We can’t say we’re surprised by reports that American President Donald Trump is losing support among Republican lawmakers after last week Wednesday’s violent siege of the US Capitol by his supporters whom he had encouraged to march on the Congress.
Neither are we amazed by the fact that it took those legislators this long to publicly acknowledge the hammerlock Mr Trump has on their party has tarnished the Grand Old Party (GOP).
The cold, hard fact is that many of those legislators are salivating at the massive support Mr Trump continues to enjoy across the United States, and are basically afraid to alienate that many voters.
That explains why, after last week Wednesday’s assault on the country’s democracy, 147 Republicans in Congress, including eight senators, still voted to reject Mr Joe Biden’s victory in the November general elections.
A report by The Associated Press tells us Republican pollster Frank Luntz has had extensive conversations with grass-roots voters and Republican officials about Mr Trump’s standing since the siege.
According to Mr Luntz: “The professionals are running away from a sinking ship, but his own supporters have not abandoned him, and they actually want him to fight on. He’s become the voice of God for tens of millions of people, and they will follow him to the ends of the Earth and off the cliff.”
How that level of support will play out over the next four years of the Biden presidency is yet to be seen, given speculation about whether Mr Trump will make another bid for the presidency in 2024, or if he will even be able to, as there is a renewed push for his impeachment for the role he played in inciting last week’s insurrection.
Add to that news emerging on Tuesday that growing numbers of Republicans are changing their party registration since the siege, and you get an indication of the political fallout the GOP is now experiencing.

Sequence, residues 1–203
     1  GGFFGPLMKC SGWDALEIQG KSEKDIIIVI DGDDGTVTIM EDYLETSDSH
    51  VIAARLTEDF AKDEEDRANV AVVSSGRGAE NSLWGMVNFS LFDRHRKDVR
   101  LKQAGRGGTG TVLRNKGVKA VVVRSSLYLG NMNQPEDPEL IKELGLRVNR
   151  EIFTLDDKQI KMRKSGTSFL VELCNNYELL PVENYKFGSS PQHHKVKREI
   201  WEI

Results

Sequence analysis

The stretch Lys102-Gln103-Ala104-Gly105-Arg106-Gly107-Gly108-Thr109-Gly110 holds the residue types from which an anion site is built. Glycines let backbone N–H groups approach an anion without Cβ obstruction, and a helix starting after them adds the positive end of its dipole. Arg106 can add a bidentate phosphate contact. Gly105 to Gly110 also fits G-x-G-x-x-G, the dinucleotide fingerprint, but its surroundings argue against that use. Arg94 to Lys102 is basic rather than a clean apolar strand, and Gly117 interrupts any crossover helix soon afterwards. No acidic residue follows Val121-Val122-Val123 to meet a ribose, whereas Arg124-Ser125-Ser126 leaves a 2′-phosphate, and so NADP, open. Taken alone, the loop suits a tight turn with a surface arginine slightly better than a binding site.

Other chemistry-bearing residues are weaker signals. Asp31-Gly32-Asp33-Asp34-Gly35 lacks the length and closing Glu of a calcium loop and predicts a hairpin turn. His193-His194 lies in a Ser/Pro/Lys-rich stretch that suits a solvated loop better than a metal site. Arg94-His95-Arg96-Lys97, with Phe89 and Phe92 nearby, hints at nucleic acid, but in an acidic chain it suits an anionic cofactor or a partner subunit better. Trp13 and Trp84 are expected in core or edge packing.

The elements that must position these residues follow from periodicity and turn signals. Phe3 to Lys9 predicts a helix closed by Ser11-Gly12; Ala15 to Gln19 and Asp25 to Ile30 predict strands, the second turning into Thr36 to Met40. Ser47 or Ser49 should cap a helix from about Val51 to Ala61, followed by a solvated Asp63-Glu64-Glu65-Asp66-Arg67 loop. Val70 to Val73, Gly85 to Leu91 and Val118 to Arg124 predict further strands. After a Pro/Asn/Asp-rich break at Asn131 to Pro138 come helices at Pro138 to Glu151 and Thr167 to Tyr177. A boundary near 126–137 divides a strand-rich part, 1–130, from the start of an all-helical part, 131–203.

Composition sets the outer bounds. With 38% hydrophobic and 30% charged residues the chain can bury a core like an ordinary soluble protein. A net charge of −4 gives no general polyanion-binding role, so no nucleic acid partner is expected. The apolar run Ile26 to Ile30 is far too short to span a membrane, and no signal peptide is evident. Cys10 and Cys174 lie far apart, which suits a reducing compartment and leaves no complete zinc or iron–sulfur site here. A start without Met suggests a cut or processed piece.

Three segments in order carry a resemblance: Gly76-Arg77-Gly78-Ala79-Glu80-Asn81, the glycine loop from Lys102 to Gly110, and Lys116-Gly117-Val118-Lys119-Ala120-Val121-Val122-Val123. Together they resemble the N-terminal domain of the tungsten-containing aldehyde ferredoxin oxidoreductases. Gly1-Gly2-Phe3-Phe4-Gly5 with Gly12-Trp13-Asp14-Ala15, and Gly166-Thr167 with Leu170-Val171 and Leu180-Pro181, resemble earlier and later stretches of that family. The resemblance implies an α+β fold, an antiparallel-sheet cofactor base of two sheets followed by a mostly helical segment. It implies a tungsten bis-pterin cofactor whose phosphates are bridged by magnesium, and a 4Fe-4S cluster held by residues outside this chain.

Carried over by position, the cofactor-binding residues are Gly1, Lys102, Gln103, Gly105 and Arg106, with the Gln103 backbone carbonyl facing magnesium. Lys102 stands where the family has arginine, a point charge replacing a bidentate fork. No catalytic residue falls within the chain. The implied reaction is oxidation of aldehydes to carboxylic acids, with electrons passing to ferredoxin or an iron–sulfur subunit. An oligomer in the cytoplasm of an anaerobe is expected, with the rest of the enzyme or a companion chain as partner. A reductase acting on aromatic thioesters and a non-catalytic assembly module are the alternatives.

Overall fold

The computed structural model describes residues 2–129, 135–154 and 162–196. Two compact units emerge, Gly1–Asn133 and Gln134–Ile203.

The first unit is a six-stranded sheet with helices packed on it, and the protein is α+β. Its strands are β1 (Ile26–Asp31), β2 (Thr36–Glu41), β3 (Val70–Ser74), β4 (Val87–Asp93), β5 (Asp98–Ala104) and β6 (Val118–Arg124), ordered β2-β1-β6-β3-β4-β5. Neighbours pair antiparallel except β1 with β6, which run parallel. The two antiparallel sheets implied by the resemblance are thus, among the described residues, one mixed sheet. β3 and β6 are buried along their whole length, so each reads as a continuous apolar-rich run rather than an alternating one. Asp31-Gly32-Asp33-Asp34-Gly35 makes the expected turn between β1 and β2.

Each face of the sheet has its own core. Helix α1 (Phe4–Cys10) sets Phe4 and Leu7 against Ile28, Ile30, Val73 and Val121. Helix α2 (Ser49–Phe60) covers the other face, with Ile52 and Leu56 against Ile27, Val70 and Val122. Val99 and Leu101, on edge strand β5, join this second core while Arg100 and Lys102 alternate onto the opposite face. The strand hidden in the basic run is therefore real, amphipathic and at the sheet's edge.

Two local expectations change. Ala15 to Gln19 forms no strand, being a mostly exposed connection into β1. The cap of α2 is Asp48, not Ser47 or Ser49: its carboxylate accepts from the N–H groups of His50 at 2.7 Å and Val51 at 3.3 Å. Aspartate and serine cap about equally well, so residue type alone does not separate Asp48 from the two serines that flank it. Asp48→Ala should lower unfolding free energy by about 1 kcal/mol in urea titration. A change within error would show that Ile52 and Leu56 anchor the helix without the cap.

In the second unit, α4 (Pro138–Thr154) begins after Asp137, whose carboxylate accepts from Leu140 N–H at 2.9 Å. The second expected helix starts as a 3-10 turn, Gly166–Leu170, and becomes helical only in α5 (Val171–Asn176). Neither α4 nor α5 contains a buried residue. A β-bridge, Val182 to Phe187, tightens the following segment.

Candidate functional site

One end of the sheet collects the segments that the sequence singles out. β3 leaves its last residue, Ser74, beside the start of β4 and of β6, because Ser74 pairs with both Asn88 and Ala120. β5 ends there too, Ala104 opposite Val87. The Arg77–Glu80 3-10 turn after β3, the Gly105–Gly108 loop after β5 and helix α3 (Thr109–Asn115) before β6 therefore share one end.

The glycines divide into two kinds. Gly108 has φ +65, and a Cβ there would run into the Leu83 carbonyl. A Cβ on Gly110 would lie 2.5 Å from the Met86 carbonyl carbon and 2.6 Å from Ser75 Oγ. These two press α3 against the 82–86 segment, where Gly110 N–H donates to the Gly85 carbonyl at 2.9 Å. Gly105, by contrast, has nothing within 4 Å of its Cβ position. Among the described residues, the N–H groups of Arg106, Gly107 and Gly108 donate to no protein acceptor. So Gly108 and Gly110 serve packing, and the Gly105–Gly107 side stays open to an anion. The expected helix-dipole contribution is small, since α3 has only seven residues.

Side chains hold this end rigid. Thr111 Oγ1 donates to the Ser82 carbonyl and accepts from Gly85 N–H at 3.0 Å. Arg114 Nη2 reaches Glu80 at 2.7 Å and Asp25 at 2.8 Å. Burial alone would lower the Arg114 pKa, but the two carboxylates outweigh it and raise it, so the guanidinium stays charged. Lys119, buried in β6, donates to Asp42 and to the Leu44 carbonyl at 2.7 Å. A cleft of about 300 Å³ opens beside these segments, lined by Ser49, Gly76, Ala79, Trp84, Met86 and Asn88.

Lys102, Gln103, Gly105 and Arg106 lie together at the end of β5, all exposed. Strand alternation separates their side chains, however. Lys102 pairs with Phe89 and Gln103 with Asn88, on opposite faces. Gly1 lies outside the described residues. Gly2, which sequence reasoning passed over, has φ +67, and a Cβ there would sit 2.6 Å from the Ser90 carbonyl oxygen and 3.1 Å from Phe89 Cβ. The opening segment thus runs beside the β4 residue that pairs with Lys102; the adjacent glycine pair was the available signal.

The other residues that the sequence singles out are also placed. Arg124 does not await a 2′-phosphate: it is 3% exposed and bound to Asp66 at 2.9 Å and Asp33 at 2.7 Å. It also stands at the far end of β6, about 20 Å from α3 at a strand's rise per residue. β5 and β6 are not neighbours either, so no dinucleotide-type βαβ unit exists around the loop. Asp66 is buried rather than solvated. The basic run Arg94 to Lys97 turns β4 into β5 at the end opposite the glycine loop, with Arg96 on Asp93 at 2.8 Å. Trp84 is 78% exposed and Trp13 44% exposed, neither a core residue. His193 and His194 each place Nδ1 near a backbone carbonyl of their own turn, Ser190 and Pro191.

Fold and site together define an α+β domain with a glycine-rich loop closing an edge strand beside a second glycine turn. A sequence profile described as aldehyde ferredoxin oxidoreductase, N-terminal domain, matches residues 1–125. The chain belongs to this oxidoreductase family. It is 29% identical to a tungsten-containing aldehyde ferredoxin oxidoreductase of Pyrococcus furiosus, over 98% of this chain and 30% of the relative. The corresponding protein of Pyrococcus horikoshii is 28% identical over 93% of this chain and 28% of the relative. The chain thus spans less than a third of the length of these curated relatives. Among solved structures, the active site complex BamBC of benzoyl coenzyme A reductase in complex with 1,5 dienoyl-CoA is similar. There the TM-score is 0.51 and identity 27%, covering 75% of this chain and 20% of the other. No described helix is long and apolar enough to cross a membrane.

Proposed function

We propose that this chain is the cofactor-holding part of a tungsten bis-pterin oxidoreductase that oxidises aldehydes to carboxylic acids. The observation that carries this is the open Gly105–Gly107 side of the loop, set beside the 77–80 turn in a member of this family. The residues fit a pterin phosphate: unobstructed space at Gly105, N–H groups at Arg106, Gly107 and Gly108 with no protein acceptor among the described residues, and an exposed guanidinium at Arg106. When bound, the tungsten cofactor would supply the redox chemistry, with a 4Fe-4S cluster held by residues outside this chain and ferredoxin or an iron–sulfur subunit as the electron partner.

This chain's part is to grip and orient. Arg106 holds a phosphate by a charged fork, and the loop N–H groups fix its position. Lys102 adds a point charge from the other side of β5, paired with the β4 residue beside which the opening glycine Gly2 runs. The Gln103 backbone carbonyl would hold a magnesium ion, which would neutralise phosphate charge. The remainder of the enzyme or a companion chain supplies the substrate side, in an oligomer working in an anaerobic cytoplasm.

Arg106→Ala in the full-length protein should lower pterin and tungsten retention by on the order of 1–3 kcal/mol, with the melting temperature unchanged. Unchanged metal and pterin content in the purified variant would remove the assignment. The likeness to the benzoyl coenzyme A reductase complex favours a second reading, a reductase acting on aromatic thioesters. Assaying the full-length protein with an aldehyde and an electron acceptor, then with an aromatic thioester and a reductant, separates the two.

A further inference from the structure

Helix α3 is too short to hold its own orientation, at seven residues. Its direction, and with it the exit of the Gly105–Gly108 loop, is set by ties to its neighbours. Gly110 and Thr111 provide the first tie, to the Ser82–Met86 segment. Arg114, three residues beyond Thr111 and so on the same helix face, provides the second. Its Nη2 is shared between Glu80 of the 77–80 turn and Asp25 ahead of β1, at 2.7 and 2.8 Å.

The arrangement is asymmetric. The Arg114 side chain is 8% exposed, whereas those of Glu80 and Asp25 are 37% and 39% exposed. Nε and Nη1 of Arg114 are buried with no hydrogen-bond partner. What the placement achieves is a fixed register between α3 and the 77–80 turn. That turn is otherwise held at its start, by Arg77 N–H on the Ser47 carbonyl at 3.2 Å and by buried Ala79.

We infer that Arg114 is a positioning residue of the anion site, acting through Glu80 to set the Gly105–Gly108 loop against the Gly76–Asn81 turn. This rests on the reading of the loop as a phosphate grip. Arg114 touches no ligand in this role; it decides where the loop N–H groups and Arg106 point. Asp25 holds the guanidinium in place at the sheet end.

The Republican party, we believe, would do itself well to take this time to regain its soul, for it has allowed itself to be browbeaten by a leader who discarded decorum, tradition, diplomacy and truth-telling.
We are told that powerful Republican Senator Lindsey Graham is among those who have now lost faith with Mr Trump because of the siege. His could be a most influential voice in that process of redemption, if he is genuine.
So, too, could Mr Ari Fleischer, a former White House press secretary for President George W Bush and a GOP strategist who voted for Mr Trump. Mr Fleischer is reported by the AP as saying he can no longer defend Mr Trump.
“I won’t defend him for stirring the pot that incited the mob. He’s on his own,” Mr Fleischer said.
Concern for the future of the GOP has also been shared by president-elect Biden who, last Friday, told reporters: “We need a Republican Party. We need an Opposition that’s principled and strong.”
Mr Biden, of course, is right, and the GOP would do the American people a great service by engaging in introspection that will hopefully help the country regain some moral authority to address instances of injustice and undemocratic behaviour around the world.
—Courtesy The Jamaica Observer